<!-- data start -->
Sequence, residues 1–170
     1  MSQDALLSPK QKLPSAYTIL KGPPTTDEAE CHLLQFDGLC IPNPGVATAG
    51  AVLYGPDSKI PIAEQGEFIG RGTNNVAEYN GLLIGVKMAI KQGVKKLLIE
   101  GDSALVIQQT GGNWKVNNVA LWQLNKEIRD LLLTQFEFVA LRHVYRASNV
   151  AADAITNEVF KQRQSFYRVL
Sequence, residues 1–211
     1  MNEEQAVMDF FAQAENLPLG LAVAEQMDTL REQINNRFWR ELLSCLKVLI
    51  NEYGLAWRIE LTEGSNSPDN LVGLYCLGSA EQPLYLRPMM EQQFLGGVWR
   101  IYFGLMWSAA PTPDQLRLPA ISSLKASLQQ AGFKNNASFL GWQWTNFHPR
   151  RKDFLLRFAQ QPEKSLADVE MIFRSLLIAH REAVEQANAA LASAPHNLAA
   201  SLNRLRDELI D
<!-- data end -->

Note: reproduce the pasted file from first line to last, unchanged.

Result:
Sequence, residues 1–170
     1  MSQDALLSPK QKLPSAYTIL KGPPTTDEAE CHLLQFDGLC IPNPGVATAG
    51  AVLYGPDSKI PIAEQGEFIG RGTNNVAEYN GLLIGVKMAI KQGVKKLLIE
   101  GDSALVIQQT GGNWKVNNVA LWQLNKEIRD LLLTQFEFVA LRHVYRASNV
   151  AADAITNEVF KQRQSFYRVL
Sequence, residues 1–211
     1  MNEEQAVMDF FAQAENLPLG LAVAEQMDTL REQINNRFWR ELLSCLKVLI
    51  NEYGLAWRIE LTEGSNSPDN LVGLYCLGSA EQPLYLRPMM EQQFLGGVWR
   101  IYFGLMWSAA PTPDQLRLPA ISSLKASLQQ AGFKNNASFL GWQWTNFHPR
   151  RKDFLLRFAQ QPEKSLADVE MIFRSLLIAH REAVEQANAA LASAPHNLAA
   201  SLNRLRDELI D